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Mark Zuckerberg Announces Coalition To Spread Internet Access (And Get More Customers)

Submitted by on August 22, 2013 – 9:11 amNo Comment

Yesterday, Facebook founder and CEO Mark Zuckerberg announced the formation of Internet.org, a coalition of major tech companies working to spread internet access to the two-thirds of the world’s citizens who still lack it. While the group has humanitarian aims, many have noted that the companies, which include cellphone manufacturers and the social network itself, have billions of customers to gain from enhanced service.

In a statement posted to Facebook, Zuckerberg explained his reasons:

“Everything Facebook has done has been about giving all people around the world the power to connect [...] There are huge barriers in developing countries to connecting and joining the knowledge economy. Internet.org brings together a global partnership that will work to overcome these challenges, including making internet access available to those who cannot currently afford it.”

The post also outlined three main goals: making access affordable (extending infrastructure in “underserved communities”), using data more efficiently (making apps and phones that use less data), and helping business drive access (incentiving the programs for businesses).

But these humanitarian goals also align nicely with a reality that tech companies are confronting: they are running out of new customers in the developed world, where majorities already have internet access (and a Facebook account).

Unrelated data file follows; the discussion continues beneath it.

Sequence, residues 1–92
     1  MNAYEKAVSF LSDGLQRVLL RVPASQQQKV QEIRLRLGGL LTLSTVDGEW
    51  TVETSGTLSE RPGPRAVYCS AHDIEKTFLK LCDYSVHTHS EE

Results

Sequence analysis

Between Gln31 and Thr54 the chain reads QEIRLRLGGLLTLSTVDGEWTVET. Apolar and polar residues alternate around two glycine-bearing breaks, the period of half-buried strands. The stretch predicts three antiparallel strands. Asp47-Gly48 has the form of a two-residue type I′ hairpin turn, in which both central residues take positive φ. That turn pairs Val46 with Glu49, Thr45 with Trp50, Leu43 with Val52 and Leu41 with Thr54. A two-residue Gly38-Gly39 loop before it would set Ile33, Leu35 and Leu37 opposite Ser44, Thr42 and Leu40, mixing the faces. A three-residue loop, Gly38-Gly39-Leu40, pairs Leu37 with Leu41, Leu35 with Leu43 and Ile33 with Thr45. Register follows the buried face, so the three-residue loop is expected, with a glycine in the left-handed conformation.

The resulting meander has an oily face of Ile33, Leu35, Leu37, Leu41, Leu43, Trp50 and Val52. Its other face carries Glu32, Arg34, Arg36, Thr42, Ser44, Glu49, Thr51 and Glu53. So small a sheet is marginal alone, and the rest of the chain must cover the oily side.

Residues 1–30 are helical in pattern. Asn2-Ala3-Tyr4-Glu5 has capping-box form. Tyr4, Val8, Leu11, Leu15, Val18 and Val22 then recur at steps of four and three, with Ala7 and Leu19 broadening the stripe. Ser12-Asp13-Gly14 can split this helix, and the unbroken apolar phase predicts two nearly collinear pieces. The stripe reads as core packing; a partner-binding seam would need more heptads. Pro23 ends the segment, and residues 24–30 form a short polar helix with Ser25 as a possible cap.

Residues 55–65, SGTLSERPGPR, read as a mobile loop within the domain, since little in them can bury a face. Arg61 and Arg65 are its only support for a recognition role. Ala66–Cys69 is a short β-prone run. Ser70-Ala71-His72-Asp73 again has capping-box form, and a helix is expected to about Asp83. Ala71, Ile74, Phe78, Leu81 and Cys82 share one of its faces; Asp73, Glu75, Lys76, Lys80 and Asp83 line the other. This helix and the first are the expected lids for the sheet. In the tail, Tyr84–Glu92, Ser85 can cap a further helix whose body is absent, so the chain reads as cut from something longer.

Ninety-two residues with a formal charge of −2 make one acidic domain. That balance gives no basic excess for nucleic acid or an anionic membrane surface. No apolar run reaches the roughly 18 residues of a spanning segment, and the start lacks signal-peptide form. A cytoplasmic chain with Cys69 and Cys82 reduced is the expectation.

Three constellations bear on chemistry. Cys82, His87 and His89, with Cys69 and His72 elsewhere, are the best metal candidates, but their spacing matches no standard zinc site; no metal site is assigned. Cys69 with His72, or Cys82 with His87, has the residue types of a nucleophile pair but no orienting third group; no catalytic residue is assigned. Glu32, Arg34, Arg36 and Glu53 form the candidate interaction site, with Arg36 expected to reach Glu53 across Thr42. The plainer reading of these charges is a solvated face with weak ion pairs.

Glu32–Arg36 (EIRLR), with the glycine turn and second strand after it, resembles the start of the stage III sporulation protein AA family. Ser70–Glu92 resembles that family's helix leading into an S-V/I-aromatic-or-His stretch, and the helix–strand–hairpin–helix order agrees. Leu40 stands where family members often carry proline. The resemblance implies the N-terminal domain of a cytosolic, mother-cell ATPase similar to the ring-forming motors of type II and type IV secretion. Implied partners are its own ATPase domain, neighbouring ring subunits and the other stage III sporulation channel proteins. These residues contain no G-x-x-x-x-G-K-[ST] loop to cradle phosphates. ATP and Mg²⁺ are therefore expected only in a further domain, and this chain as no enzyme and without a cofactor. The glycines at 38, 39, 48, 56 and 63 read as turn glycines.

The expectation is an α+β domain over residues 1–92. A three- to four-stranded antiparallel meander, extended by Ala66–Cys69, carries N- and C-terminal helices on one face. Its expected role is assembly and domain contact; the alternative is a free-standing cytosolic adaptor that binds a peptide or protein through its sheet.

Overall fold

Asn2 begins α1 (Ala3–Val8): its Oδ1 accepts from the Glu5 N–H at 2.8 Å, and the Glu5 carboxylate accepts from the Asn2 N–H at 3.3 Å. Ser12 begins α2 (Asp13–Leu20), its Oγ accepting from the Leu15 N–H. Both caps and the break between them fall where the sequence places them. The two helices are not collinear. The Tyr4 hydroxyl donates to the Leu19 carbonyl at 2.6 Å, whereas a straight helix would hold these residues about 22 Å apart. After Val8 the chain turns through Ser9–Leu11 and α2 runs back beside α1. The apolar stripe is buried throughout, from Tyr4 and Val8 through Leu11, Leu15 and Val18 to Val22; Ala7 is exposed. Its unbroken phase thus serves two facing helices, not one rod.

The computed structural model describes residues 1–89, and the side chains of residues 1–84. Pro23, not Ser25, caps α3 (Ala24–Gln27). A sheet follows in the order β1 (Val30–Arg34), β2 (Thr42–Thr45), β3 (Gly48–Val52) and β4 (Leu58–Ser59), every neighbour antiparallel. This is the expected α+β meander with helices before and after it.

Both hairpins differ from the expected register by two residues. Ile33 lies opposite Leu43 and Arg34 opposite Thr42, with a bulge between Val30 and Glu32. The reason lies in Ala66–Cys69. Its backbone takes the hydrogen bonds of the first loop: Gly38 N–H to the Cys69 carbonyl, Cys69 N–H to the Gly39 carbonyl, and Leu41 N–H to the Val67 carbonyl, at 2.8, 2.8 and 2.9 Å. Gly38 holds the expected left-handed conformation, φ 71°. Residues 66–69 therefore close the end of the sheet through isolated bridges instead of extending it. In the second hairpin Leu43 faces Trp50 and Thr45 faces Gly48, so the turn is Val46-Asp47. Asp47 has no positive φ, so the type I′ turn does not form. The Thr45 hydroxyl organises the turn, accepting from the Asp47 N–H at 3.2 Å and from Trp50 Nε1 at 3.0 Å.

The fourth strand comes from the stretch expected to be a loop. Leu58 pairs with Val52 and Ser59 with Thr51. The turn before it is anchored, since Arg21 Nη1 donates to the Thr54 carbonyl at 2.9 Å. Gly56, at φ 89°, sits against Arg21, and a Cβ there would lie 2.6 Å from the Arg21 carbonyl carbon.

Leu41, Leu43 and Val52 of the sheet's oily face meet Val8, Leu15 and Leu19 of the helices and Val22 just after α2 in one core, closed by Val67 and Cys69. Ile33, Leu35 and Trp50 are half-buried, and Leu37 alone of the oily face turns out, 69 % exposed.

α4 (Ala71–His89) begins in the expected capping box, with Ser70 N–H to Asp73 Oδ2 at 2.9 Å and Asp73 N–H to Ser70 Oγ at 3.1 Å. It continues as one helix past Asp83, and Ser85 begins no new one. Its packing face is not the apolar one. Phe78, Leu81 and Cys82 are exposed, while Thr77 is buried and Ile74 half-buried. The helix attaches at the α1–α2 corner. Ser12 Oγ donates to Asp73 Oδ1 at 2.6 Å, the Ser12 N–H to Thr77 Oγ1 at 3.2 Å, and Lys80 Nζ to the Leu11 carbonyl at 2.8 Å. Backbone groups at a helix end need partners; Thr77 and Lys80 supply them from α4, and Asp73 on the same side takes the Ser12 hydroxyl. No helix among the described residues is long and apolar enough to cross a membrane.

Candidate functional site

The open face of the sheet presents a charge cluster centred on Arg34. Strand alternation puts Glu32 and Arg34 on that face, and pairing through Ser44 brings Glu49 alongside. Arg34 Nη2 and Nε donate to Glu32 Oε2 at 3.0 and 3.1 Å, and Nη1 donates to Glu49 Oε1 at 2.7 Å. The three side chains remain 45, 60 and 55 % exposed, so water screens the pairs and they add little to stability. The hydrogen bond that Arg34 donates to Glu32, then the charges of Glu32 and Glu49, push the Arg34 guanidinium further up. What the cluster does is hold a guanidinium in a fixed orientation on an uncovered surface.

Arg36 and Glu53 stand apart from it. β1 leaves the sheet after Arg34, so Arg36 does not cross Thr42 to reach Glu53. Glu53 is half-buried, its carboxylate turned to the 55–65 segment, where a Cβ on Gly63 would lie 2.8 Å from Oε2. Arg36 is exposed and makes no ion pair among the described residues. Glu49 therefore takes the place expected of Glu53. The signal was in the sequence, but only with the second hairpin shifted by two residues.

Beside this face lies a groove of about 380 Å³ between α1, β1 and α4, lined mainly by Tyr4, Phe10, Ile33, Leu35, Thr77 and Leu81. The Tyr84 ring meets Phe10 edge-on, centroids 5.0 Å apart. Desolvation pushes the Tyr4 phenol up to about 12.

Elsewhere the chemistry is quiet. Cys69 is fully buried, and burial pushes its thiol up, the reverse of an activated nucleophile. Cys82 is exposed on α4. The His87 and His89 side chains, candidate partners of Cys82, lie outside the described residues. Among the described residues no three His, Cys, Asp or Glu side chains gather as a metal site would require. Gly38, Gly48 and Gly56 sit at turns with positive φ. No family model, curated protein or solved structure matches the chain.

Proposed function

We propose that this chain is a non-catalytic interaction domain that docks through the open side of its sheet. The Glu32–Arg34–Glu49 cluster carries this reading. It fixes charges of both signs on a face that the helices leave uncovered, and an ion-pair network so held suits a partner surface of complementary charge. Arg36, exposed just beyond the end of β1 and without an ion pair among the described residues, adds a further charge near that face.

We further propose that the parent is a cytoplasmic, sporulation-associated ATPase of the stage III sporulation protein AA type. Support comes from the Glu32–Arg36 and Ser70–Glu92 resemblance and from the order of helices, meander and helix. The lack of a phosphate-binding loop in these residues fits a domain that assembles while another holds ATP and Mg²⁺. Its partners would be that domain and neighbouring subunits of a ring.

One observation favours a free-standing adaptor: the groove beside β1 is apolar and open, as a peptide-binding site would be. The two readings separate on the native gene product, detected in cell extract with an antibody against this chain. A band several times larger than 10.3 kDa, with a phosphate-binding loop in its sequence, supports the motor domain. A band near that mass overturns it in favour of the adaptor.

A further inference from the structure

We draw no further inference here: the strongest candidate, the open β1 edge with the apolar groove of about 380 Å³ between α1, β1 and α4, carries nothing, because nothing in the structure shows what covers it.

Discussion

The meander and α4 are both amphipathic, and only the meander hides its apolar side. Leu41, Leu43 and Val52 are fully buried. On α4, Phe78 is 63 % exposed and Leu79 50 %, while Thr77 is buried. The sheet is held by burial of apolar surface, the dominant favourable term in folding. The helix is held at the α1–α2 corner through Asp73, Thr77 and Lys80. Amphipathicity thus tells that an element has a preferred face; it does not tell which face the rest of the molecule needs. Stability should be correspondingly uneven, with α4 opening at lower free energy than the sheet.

More internet access in the developing world could mean more smartphones sold by Internet.org co-founders Nokia and Samsung, more wireless equipment sold by Ericsson, and more users for Facebook. And more Facebook users means more data, and higher prices for advertisers.

In a recent interview with the New York Times, Zuckerberg downplayed the business benefits, saying, “We’re focused on it more because we think it’s something good for the world, rather than something that is going to be really amazing for our profits.”

 Facebook isn’t the only company trying to spread the internet, possibly for selfish reasons: increased access has long been a cause for Google. The search engine giant recently unveiled Project Loon, an experimental venture to bring internet to rural and disaster-stricken areas using weather balloon-type devices. But Google’s US high speed internet business- Google Fiber- is the thing that really shows how the company is pushing for consumers to have better internet, so they can do more Googling.
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